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>>What do you think about the lifeboats? I would imagine that the captain would have had the sensebility to make sure all his passengers could be saved in the event of a disaster, but did he not speak up as to how many lifeboats there were?<<

I think you may be assuming that Captain Smith may have had more authority and influance then he really had. Looking magnificent really had nothing to do with it. The simple fact of the matter is that he may not have been asked for his opinion at all. As far as White Star was concerned, the officers and crew were employees plain and simple, even if some were the trans-Atlantic celebrities of the day. They knew their place and stayed in it if they wanted to continue working. The debate and the decisions were made at a much higher level and they stuck. Captain Smith may well have been bothered by it, but he knew better then to make waves in public.

In other words, when it came to the design and fittings of the ship, it just wasn't his call to make. Those decisions were made at the corperate level.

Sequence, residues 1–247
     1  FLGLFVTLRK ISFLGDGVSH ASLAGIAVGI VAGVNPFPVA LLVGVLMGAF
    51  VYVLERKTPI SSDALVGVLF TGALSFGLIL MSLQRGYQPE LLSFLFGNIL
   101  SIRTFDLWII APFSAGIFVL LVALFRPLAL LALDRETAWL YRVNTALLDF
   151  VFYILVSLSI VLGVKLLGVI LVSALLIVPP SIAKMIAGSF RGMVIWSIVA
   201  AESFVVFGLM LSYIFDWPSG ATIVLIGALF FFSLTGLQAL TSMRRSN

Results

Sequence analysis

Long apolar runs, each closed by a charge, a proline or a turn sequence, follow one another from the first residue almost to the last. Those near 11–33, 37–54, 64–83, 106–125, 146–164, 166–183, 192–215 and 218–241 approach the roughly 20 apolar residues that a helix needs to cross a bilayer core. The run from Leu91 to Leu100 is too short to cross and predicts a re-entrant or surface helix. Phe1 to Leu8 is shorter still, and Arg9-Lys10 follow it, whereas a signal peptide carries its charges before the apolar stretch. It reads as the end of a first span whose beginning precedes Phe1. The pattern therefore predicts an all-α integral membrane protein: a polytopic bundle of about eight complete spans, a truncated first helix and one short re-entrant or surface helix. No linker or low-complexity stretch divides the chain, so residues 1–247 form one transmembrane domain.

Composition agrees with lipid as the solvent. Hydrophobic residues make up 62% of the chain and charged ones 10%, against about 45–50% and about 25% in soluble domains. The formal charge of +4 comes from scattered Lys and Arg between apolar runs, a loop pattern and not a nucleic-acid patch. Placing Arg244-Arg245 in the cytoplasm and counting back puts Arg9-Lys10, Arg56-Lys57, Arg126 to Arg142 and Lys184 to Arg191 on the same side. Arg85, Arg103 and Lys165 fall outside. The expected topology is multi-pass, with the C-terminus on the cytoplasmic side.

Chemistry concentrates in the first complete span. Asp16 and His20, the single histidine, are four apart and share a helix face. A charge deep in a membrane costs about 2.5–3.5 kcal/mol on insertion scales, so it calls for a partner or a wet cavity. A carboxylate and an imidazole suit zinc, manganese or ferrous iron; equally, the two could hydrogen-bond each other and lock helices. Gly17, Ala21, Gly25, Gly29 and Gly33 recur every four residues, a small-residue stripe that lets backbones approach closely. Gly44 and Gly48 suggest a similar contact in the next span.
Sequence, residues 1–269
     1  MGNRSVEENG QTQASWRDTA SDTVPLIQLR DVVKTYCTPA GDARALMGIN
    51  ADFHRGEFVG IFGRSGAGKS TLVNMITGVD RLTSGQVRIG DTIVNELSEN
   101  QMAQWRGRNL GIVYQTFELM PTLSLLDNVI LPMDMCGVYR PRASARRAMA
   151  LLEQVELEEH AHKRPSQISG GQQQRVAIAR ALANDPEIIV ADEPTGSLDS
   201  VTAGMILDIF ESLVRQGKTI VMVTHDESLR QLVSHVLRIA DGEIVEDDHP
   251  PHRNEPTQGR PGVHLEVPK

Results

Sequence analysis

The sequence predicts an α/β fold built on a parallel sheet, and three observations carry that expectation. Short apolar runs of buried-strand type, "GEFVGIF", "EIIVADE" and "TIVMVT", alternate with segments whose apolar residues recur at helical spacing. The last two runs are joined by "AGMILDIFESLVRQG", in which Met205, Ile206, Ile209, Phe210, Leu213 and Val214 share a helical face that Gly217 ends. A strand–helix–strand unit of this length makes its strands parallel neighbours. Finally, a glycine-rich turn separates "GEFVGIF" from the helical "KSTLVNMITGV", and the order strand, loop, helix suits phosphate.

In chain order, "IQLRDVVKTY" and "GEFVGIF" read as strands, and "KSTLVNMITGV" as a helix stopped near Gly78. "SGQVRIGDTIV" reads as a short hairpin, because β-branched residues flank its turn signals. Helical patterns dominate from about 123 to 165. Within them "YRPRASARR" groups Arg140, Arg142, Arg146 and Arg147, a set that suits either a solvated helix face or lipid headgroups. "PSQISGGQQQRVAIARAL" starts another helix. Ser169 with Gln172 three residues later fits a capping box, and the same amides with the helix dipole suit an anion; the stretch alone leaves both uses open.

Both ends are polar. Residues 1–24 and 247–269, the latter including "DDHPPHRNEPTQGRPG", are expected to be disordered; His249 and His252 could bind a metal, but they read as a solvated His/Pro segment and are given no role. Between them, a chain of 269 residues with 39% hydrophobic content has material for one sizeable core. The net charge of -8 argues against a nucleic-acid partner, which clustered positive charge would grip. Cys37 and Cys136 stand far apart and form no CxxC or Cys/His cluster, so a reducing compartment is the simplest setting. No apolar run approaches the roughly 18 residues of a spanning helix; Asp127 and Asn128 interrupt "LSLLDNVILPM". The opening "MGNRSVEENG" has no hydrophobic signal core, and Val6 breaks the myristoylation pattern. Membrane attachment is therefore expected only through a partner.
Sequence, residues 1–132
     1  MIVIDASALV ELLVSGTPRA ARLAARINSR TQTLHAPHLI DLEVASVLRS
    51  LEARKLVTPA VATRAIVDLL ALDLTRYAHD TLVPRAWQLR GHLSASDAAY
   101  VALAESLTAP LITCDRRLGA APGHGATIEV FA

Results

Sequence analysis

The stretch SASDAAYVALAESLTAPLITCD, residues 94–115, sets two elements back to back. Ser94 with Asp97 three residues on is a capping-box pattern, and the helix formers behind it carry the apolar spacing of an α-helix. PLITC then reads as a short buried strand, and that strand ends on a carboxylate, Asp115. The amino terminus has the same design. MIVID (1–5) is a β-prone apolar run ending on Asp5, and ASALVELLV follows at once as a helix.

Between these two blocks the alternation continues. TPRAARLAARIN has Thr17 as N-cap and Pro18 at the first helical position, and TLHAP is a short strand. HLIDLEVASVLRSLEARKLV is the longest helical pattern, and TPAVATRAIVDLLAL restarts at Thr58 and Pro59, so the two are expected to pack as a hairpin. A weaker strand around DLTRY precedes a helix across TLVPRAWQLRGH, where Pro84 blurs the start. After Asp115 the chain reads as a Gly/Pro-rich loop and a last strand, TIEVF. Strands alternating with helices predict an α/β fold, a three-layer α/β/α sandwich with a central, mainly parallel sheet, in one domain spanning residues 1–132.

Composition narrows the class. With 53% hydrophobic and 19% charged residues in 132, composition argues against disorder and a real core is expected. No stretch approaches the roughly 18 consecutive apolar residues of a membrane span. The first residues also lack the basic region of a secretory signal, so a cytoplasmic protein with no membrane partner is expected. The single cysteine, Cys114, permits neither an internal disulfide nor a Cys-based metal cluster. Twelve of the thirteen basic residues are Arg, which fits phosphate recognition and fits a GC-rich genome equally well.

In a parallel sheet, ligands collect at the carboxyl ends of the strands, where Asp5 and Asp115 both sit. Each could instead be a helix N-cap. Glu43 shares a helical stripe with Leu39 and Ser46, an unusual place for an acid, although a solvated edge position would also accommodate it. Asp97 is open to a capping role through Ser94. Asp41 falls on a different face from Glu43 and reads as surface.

The one thing you have to keep in mind was that the pervasive attitude towards lifeboats of the day. What they had in mind was building enough damage resistance into a ship so that she could act as her own lifeboat until help arrived. When it did, the idea was to use the boats to ferry the passengers and crew to a rescue vessel. It worked well enough in some comparatively recent casualties such as the RMS Republic so there was no reason to believe that it would be necessery to evacuate everybody before help arrived.

In that sense, the Titanic served as a rather nasty wake up call.
 

Dave Gittins